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Aretha Franklin Sues to Block Screening of ‘Amazing Grace’ Documentary at Telluride Film Festival

The festival says it it’s going forward with plans to show the film, which includes footage from a 1972 performance Franklin claims was never authorized for public release

UPDATED 12:44 p.m. PT on Sept. 4, 2015: The Telluride Film Festival is “still planning on screening” the documentary “Amazing Grace,” a spokesperson told TheWrap on Friday.


Aretha Franklin has filed a lawsuit against Telluride Film Festival for emergency injunctive relief to stop scheduled screenings of the documentary “Amazing Grace.”

According to the lawsuit, the documentary film consists mostly of Sydney Pollack-shot footage from Franklin’s 1972 concert performance at the New Missionary Baptist Church in Los Angeles, California. However, the singer claims she never gave permission for the footage to be used in “any commercial context, and has not authorized the public release of the footage.”

Franklin states that she learned “Amazing Grace” would be screened in its full length at the film festival. The lawsuit claims that “allowing the film to be shown violates Ms. Franklin’s contractual rights, her intellectual property rights, her rights to use and control her name and likeness, and represents an invasion of her privacy.” It also violated the federal anti-bootlegging statute.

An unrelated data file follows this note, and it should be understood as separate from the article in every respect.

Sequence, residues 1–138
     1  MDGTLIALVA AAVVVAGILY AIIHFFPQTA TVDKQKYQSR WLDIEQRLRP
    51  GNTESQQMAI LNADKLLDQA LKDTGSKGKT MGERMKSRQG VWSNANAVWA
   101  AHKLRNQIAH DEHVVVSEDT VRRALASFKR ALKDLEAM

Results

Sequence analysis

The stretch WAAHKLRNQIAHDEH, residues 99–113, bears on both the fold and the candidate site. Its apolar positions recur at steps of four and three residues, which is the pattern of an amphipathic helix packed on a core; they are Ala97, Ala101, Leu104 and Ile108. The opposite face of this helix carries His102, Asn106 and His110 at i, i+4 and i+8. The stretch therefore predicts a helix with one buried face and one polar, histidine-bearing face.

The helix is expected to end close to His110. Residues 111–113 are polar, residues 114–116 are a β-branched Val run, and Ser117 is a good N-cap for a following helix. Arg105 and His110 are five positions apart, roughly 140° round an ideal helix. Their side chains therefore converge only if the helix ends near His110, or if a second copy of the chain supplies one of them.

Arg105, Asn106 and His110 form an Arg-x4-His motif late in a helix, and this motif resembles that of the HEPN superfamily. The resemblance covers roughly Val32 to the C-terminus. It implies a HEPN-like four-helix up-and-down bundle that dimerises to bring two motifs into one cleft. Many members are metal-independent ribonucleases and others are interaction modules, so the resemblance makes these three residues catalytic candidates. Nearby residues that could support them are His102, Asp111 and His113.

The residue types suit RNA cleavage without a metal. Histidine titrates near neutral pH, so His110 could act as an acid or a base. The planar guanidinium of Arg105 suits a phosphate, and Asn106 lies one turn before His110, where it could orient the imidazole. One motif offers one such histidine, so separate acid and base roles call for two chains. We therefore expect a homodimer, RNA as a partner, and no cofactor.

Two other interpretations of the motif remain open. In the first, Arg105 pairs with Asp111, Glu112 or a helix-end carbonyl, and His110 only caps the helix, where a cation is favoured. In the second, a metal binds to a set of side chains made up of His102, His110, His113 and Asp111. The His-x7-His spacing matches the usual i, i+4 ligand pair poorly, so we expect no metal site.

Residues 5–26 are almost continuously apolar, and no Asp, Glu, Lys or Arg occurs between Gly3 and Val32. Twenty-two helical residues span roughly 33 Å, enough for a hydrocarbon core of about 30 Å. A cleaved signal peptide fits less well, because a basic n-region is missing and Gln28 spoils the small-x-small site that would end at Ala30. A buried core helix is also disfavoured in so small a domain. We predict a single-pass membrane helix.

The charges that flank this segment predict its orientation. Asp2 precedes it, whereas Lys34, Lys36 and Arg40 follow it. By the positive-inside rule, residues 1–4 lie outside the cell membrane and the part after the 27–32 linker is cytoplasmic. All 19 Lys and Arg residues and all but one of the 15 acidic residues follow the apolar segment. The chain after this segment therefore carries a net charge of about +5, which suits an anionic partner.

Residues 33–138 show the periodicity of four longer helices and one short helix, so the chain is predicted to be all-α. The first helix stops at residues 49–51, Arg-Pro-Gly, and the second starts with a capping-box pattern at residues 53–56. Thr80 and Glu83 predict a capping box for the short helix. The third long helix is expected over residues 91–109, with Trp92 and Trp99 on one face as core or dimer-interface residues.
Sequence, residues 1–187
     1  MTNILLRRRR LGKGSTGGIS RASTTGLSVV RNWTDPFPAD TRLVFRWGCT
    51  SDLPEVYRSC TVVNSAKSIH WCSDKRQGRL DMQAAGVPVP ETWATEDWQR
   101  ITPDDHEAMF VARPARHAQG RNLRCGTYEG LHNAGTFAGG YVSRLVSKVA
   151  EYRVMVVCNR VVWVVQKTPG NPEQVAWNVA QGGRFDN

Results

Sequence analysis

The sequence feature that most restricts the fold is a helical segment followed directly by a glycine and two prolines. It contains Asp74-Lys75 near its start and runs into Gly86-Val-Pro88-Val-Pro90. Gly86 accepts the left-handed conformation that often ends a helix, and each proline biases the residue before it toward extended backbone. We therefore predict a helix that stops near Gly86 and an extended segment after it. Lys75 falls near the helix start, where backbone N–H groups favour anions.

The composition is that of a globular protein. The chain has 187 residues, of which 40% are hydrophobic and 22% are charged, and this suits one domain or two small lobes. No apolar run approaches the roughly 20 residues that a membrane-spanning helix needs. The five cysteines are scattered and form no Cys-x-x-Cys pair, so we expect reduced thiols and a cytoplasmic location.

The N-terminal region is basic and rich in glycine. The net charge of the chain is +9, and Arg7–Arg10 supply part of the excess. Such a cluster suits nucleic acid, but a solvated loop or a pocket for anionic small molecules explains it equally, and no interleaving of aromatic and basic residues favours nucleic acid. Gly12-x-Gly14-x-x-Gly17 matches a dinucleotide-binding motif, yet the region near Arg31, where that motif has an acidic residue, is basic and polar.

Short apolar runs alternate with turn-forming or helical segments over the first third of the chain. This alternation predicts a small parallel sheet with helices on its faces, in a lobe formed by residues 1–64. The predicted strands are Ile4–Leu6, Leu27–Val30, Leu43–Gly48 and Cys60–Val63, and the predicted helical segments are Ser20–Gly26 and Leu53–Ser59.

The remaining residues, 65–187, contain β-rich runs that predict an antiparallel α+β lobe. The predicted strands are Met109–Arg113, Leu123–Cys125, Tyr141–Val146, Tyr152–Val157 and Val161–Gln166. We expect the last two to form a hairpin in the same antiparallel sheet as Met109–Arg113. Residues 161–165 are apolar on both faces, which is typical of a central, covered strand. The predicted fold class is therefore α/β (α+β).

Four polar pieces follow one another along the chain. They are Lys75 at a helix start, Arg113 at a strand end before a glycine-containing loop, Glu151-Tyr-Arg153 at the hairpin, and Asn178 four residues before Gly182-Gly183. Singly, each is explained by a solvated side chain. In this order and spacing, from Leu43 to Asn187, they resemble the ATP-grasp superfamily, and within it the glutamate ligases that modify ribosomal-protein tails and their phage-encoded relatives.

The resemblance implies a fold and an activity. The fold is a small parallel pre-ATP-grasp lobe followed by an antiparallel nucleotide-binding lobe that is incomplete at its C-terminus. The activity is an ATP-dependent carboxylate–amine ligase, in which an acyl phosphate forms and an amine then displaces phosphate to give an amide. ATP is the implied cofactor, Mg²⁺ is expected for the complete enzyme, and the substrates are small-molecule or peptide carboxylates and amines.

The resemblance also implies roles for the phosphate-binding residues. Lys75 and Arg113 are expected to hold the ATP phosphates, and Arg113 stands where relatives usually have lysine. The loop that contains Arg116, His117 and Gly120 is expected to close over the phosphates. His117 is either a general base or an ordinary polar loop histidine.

The concert was allegedly filmed with Franklin’s permission, under the agreement that it would “not be publicly or commercially released without the consent of Ms. Franklin.” According to the document, more than 80 percent of the documentary is footage from Franklin’s performance and images of the singer. Moreover, an album was produced from the concert, titled “Amazing Grace,” which went double-platinum and became the best-selling album of her career, and Franklin holds a copyright to this album.

In 2011, Franklin had sued the film’s producer, Alan Elliott, but it settled when Elliott promised that he would not release the film. However, the release of the film through the Telluride Film Festival violates “her contractual, federal statutory and common law rights,” according to the current lawsuit.

The lawsuit also points towards a quitclaim deed that warns that any commercial use of the footage would require Franklin’s permission and the assignee would have to “pay all re-use fees and other compensation required by applicable collective bargaining or individual contracts or otherwise required by the law.”

Therefore, the “Respect” singer called for an emergency order to stop the film festival from showing the film, which is scheduled for Sept. 4, 5 and 6.

Pamela Chelin contributed to this report.